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The Practical and Personality Conflicts of J. S. Bach in Leipzig 1730
Author: Peter Metcalf (April-June 2008)


“Your Most Serene Highness, Most Mighty King and Elector, Most Gracious Master!”

So begins a letter by Johann Sebastian Bach to August the Strong, King of Saxony, asking him to intervene on his behalf in a quarrel he had with the town council concerning his job description and compensation as Cantor and Music Director at St. Thomas’ Church in Leipzig.i An assumption of consensus regarding the hiring of Bach would be correct, but it was a matter of the third best solution for two factions of the council representing conflicting interest groups.ii Council members had enormous stakes in decisions, both emotional (“ideological”) and practical, being major participants in those conflicting interest groups. For this and other reasons to be discussed, Bach was at the outset in a disadvantaged position with respect to job fulfillment. An exploration and possible understanding of Bach’s response to this situation as it evolved into conflicts, internal and external is the topic for this paper’s discussion.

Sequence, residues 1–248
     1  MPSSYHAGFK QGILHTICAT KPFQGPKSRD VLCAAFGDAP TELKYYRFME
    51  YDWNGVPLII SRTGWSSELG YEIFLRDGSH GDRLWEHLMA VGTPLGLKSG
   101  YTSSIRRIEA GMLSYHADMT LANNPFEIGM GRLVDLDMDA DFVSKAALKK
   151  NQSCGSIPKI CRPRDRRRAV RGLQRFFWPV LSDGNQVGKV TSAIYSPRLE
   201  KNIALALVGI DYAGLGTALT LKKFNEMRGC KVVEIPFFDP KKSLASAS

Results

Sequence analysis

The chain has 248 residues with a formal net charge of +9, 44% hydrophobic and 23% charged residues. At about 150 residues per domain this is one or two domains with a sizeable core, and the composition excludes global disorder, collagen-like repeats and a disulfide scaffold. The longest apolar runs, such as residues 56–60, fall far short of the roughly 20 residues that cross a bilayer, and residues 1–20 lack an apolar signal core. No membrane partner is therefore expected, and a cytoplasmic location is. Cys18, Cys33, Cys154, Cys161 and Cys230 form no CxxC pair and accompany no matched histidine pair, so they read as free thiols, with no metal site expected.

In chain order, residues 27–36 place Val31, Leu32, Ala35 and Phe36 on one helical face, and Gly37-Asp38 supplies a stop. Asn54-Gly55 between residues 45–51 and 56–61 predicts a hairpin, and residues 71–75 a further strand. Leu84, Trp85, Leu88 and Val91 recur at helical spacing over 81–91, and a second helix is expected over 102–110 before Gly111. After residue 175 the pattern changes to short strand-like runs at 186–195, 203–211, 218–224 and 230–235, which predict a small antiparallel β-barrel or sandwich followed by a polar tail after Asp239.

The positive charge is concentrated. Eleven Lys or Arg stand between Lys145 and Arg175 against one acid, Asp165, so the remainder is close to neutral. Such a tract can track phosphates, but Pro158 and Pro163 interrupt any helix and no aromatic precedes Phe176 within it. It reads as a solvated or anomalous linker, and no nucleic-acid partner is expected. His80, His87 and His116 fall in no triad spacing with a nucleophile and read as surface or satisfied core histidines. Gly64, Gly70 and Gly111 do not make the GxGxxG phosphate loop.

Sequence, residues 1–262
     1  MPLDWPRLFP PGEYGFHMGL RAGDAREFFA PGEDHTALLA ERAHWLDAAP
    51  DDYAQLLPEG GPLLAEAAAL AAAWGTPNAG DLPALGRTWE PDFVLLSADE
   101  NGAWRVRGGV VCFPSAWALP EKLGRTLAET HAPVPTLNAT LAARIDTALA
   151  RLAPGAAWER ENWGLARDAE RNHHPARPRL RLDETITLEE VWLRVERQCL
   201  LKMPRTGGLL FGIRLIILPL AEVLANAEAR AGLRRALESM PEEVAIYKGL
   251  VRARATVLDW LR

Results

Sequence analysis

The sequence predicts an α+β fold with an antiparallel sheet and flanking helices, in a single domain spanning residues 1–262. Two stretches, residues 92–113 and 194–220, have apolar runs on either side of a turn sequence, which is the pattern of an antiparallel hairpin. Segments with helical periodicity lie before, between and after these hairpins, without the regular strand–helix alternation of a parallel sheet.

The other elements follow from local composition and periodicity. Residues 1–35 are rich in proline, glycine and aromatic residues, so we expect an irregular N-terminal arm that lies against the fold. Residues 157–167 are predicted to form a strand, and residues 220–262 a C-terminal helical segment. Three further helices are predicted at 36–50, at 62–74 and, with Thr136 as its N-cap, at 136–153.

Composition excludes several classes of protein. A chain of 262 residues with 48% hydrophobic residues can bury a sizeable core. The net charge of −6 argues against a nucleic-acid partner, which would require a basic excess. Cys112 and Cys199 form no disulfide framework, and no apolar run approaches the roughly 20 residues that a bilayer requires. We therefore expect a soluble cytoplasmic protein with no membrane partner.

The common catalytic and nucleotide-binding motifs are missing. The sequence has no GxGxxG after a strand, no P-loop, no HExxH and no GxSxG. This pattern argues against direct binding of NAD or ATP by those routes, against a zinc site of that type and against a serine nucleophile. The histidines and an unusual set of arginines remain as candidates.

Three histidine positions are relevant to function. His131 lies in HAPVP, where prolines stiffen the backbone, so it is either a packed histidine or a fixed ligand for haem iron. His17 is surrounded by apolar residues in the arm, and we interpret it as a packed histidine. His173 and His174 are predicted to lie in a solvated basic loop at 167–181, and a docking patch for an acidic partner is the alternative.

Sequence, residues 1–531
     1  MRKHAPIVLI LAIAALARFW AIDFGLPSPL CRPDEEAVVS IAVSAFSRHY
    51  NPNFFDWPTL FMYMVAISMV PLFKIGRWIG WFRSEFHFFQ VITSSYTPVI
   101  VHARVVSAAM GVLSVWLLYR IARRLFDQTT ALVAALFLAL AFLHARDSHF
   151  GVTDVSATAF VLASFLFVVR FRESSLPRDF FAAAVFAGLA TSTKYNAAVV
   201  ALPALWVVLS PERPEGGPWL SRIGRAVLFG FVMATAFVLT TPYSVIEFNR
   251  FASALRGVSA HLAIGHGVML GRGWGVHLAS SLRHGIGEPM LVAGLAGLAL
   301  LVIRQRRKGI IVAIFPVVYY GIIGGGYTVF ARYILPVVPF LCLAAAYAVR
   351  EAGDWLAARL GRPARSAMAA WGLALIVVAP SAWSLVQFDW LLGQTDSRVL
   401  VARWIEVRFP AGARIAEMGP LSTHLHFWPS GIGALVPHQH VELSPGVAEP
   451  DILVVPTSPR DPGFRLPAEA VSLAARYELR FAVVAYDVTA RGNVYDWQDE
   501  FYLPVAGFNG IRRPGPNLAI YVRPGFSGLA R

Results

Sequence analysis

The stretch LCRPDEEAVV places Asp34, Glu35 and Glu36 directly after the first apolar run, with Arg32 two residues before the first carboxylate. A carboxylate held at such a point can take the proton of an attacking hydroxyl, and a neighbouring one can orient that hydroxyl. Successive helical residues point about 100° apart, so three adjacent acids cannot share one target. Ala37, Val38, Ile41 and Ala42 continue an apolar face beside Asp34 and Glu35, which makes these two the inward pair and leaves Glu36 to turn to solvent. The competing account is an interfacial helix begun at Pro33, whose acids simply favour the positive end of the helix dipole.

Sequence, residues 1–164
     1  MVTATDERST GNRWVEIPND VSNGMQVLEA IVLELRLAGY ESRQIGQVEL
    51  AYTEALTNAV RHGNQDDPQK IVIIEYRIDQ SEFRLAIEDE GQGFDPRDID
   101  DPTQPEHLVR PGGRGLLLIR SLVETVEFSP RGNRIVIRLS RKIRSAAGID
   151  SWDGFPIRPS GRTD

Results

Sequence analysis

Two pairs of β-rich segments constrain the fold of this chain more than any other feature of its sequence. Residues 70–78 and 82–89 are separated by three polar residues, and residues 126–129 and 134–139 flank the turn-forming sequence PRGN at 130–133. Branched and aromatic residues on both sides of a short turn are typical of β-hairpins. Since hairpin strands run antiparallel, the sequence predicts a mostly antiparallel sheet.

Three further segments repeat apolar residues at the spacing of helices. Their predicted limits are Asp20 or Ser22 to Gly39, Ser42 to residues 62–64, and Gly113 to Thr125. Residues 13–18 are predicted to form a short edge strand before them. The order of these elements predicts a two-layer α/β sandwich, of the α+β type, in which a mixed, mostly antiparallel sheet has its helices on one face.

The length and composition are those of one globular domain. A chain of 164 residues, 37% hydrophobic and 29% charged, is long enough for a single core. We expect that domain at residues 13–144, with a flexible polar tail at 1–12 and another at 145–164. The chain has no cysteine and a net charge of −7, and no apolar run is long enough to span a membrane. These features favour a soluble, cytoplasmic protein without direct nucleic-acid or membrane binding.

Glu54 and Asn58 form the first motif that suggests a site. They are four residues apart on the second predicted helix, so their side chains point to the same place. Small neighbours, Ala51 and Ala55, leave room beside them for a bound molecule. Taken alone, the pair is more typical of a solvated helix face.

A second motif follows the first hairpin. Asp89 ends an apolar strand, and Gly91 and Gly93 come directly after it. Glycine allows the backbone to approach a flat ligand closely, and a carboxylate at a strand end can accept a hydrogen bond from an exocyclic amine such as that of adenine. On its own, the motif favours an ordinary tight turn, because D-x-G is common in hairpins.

Recognizing that all individuals make choices, best perceived through their actions, based on, and more importantly, derived from the deepest, often hidden personal imperatives, I will nonetheless discuss some of the circumstances of Bach’s life and times so as to provide additional perspective from which Bach’s actions, as evidenced by documents and his letters, and his choice of musical form, venue, or even expression, may be understood.

Leipzig was during Bach’s lifetime (as now) a city of great wealth when compared with other Saxon urban centers. Since the 12th century it was the site of trade fairs owing to its being situated at the crossroads of important trade routes.iii And, it was a city whose population was in transition – from accepting and living in a social order based on the feudal or estate system of socioeconomics, to one where an electoral government was being trusted more and more, i.e., given by citizens more and more authority to make decisions affecting their lives in areas that formerly provided fertile ground for evolution of the feudal system.